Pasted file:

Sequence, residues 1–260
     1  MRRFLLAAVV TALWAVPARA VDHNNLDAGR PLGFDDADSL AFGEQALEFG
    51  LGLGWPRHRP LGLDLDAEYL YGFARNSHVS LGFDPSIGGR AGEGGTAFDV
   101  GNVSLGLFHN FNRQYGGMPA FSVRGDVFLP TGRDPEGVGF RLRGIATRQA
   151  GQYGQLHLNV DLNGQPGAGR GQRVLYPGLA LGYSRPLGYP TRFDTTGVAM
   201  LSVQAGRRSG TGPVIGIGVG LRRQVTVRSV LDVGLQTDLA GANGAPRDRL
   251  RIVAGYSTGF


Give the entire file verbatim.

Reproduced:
Sequence, residues 1–260
     1  MRRFLLAAVV TALWAVPARA VDHNNLDAGR PLGFDDADSL AFGEQALEFG
    51  LGLGWPRHRP LGLDLDAEYL YGFARNSHVS LGFDPSIGGR AGEGGTAFDV
   101  GNVSLGLFHN FNRQYGGMPA FSVRGDVFLP TGRDPEGVGF RLRGIATRQA
   151  GQYGQLHLNV DLNGQPGAGR GQRVLYPGLA LGYSRPLGYP TRFDTTGVAM
   201  LSVQAGRRSG TGPVIGIGVG LRRQVTVRSV LDVGLQTDLA GANGAPRDRL
   251  RIVAGYSTGF